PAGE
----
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Are you a good candidate for “house arrest?”

On Behalf of | Dec 29, 2023 | Criminal Defense

If you’ve been charged with a crime, you certainly want to do everything possible to get the charges dropped or be found not guilty, if the case goes to trial. If you’re past that and in the sentencing phase looking at potential incarceration, can you avoid being locked up?

If the offense is a non-violent one (for example, DUI), you may be able to serve your sentence without having to spend time in prison. Maryland, like other states, offers an electronic monitoring option. It’s sometimes known as “house arrest,” even though people are often allowed to leave their homes to fulfill community service or other court-ordered obligations. Sometimes, people are allowed to go to school or work as well. Electronic monitoring (which usually involves wearing an “ankle bracelet,” can also be an option for people who are awaiting trial or sentencing instead of having to sit in jail.

You need to understand and abide by the rules

Before you seek this alternative, make sure you know what will be required of you. If you’re not sure you can adhere to the rules, it may be best not to advocate for it. Violating the conditions of electronic monitoring comes with legal consequences – typically starting with the incarceration you were trying to avoid.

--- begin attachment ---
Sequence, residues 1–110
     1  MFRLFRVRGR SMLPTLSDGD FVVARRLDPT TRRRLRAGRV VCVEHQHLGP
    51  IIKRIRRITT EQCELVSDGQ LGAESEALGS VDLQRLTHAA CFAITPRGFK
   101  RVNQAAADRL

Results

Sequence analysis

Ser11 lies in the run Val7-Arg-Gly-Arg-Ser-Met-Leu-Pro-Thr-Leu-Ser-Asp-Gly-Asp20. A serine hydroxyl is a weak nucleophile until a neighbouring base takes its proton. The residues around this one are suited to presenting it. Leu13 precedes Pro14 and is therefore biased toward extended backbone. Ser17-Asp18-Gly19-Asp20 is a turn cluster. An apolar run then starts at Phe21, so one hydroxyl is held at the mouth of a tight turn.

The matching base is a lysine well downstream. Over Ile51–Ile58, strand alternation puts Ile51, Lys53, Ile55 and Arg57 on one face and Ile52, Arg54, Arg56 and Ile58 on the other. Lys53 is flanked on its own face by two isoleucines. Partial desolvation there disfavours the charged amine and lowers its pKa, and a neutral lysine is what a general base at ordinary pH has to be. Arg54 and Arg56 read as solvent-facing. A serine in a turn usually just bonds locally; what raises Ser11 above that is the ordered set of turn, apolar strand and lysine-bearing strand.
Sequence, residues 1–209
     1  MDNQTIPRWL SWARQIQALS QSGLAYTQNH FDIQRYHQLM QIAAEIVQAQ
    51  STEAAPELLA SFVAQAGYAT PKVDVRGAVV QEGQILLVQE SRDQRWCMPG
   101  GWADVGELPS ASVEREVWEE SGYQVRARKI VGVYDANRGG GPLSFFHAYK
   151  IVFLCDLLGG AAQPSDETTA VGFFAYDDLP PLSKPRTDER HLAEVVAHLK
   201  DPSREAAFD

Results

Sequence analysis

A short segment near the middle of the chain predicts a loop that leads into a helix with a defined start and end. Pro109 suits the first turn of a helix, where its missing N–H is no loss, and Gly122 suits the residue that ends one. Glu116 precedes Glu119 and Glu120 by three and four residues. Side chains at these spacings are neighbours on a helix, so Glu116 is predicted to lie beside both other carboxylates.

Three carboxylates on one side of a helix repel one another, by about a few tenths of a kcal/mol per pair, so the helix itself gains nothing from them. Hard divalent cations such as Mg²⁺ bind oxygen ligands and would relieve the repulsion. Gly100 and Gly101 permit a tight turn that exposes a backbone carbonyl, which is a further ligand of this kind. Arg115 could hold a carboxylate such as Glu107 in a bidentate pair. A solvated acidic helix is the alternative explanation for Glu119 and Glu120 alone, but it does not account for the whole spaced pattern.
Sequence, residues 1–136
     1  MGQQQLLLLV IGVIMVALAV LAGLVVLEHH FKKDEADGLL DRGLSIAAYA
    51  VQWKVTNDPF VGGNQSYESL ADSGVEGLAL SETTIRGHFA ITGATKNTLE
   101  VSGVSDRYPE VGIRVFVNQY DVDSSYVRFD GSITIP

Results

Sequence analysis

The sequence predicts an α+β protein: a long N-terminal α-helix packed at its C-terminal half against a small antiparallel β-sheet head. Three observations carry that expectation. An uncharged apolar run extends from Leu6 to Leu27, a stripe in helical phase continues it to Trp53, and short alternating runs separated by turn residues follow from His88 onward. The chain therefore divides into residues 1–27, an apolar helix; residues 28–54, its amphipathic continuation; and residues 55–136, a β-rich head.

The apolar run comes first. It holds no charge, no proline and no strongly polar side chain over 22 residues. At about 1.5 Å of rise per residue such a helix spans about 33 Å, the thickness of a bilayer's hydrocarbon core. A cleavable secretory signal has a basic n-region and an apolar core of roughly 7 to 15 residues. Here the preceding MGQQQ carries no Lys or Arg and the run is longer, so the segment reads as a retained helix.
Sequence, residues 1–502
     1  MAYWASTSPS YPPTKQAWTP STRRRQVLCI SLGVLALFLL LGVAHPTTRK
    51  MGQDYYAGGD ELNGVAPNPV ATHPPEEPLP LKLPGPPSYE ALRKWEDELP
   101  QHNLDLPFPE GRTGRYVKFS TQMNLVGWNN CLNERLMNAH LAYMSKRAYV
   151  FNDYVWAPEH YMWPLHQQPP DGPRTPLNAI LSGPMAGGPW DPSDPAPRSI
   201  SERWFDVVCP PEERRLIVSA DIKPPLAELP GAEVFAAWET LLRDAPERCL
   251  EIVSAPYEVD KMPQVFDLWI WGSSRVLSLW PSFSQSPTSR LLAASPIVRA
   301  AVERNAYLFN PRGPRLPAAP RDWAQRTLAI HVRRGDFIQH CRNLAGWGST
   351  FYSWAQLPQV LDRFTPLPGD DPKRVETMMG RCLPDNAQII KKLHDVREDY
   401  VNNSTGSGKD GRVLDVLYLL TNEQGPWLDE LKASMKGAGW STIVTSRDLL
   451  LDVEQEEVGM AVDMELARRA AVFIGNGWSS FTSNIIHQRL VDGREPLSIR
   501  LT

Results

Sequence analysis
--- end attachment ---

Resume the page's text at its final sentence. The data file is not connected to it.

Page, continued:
For example, not drinking is often a requirement. Some types of electronic monitors can detect the presence of alcohol in perspiration. If you’re not sure you can refrain from drinking for the duration of your monitoring, it’s likely not a good option for you.

If there are limits placed on where you can – and can’t – go, you need to be prepared to abide by those. These monitors can track the wearer’s location via GPS. If there’s a restraining order in place, those staffing the monitoring program can be notified if someone breaches the perimeter of that order. Of course, trying to remove or tamper with a device is a sure way to get it removed by authorities and be sent to jail.

If you have experienced legal guidance, you can determine whether electronic monitoring is an option and advocate for it. With this guidance, however, you can learn more about how it works and better decide whether it’s right for you.